David on Star Trek: The Next Generation

Having an enormous soft spot for the original series, plus a deep interest in science fiction in general, it's no wonder that I watched TNG almost religiously. Indeed, it was the reason I got cable TV at a time I began to divorce myself from television. As I watched the series, I built a videotape library (now replaced by disc). And then came the surprise: as I re-watched the episodes, my initial enthusiasm for the series began to wane. Deep down inside, it was hard to shake the feeling that too many of the episodes were.. well... just... lame.

Make no mistake, some episodes were truly brilliant. Overall the writing was above-average, occasionally inspired, and at the very least literate; the performances were (with some wince-inducing exceptions) generally superior to those of its predecessor; and the vastly improved production values made the show visually and aesthetically much more palatable. Yet it was hard for me to shake the sense that TNG was relying too heavily on TOS fans to carry it. "Easter eggs" were abundant—sometimes delightful, sometimes eye-rolling, and sometimes disastrous (think "The Naked Now"). In the end, what won the day (more or less) was the series eventually finding its own voice—even if that was after several seasons.

Most episodes suffer from a ponderous, sometimes nearly overwhelming amount of "technobabble," where plot devices hinge on totally improbable—even embarrassing—scientific nonsense. One could almost sense the writers gradually painting themselves into corners, and breaking out thanks only to the chief engineer arriving at miracle solutions, spouting endless variations on scientific buzzwords of the day. While the original series was not immune to this affliction—usually down to Bones divining the "miracle cure of the week"—the strength of the original series was its ability to deliver engrossing drama that was independent from science and technology. TNG was also occasionally guilty of TOS's tendency to preach morality tales, but thankfully this was done more subtly and less frequently.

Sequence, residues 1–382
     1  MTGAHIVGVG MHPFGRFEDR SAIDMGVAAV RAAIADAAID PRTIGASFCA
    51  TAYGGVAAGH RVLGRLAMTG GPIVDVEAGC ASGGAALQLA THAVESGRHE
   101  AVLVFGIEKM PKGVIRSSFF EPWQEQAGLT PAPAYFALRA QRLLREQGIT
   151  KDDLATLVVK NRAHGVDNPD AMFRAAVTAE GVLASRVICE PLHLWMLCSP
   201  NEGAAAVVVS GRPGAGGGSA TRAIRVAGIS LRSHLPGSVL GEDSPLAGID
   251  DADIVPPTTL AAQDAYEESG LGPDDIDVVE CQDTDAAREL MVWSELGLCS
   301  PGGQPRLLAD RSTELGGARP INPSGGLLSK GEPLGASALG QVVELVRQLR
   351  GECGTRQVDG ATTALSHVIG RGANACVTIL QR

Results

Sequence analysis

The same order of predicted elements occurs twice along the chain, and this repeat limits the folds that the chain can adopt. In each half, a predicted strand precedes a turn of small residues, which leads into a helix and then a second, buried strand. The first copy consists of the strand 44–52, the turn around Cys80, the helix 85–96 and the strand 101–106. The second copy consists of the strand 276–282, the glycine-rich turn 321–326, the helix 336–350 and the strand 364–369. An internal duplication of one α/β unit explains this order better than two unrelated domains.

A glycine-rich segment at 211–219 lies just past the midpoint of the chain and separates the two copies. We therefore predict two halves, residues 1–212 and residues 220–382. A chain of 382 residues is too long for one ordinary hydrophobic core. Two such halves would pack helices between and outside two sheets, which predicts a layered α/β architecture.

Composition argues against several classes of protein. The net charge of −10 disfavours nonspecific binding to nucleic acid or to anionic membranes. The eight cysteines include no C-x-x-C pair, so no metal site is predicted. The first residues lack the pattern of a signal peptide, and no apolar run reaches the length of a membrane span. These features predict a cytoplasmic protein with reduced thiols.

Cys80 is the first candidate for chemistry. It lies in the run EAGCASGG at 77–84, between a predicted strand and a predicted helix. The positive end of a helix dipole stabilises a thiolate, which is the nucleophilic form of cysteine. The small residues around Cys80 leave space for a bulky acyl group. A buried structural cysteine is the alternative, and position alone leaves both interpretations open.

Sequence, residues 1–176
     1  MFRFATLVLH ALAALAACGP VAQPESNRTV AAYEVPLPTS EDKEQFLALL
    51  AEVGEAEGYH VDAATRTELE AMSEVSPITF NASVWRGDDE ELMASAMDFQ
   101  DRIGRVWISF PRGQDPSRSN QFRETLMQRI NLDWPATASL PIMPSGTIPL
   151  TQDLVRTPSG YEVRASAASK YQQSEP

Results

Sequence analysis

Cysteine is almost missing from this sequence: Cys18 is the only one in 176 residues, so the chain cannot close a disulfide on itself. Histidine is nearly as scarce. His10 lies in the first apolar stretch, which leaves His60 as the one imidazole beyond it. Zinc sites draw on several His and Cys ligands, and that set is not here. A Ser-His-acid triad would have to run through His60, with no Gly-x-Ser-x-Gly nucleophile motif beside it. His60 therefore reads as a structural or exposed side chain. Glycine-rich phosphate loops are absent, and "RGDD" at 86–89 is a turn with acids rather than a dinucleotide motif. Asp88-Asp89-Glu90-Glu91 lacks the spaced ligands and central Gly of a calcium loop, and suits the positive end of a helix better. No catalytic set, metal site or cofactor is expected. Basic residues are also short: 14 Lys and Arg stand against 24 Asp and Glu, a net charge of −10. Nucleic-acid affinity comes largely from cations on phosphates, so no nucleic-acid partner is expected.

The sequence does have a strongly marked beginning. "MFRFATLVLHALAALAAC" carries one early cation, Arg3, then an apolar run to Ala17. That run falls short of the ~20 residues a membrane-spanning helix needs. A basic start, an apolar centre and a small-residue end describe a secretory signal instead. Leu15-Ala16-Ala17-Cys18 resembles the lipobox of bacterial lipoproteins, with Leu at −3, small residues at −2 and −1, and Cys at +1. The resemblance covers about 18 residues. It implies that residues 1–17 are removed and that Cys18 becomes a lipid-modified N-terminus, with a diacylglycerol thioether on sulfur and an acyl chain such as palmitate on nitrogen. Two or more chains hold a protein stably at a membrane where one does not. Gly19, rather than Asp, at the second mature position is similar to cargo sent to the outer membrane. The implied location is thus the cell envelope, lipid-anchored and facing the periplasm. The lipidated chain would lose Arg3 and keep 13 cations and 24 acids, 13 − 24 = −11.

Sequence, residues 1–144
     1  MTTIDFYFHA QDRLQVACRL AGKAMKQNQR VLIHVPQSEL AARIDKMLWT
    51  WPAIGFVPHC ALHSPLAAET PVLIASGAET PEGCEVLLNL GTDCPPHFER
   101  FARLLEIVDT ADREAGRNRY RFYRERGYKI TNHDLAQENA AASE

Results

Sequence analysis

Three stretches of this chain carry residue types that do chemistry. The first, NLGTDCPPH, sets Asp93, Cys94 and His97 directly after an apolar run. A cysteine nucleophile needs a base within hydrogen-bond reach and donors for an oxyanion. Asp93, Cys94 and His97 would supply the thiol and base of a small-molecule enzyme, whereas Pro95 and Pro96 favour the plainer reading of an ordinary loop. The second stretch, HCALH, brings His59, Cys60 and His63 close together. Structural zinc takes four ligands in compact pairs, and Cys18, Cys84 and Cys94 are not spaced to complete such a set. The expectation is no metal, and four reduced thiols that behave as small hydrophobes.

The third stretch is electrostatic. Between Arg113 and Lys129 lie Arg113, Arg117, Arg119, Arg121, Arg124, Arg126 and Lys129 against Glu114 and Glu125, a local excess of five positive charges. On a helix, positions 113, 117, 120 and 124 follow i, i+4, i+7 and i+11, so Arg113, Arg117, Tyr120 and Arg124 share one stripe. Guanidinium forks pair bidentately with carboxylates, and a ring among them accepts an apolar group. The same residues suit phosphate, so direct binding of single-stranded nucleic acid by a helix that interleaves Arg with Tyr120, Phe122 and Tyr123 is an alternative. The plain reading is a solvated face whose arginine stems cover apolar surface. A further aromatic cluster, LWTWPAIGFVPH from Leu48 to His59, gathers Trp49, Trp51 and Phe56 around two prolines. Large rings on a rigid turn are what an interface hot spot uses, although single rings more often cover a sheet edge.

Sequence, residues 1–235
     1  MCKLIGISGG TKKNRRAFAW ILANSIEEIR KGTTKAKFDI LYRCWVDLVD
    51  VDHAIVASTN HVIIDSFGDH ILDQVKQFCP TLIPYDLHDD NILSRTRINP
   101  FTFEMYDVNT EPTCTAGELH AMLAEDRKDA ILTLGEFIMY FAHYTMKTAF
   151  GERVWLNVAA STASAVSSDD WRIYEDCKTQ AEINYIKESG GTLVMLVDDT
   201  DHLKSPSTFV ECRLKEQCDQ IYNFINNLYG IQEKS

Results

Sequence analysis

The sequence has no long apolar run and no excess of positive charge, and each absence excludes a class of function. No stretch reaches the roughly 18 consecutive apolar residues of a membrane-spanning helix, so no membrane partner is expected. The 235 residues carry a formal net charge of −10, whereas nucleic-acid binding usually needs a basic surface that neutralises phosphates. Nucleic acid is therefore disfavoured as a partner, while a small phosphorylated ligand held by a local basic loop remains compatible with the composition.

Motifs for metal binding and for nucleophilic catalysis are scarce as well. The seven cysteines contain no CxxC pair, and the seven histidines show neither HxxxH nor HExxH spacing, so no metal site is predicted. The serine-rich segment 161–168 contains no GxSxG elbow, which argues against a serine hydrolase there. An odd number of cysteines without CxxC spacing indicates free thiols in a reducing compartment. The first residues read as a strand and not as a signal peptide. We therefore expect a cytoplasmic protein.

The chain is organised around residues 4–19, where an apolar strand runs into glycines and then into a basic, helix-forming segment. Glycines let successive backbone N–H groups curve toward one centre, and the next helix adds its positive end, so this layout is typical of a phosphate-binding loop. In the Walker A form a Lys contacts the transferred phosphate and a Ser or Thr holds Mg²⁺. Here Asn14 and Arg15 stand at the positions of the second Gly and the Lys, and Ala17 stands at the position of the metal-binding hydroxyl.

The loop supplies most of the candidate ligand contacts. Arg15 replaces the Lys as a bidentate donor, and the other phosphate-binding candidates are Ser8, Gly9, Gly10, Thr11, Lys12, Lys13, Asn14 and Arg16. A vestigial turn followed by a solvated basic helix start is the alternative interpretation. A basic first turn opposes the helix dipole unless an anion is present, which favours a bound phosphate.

Incidentally, one major bone I have to pick is the music score. It's so bloody anemic and lifeless that it makes me want to scream. And evidently Roddenberry himself was to blame: for reasons known only the late Great Bird of the Galaxy, he decreed that TNG's music should virtually disappear into the background—frustratingly ironic given that he was also behind the decision to make the score for TOS almost-over-the-top, in-your-face dramatic (which was fine by me).

Still, do not mistake my apparently harsh criticism for disdain; I enjoyed—and still enjoy—the series more than I dislike it. I seek out its best moments and revel in them, and do my best to ignore its countless patent flaws (funny forehead alien of the week, anyone?), as any Trek aficionado might. I mean, come on, who doesn't laugh when Worf pauses to break into Klingon opera?


Favorite episode: "The Measure of a Man" (which—true story—turned my Trek-hating girlfriend at the time into a Trek fan; indeed, she was far more upset when the series ended than I was)

Least-favorite episode: There's an alarmingly large number of them, and my choice may be different according to my mood and the phase of the moon. Although I'm tempted to say it's any episode with Wesley, and feel confident there'd be many nodding heads out there, today my least-favorite is "11001001." Why would bionic beings communicate by "streaming" audio code from their mouths like old fax machines, instead of—oh, nevermind...

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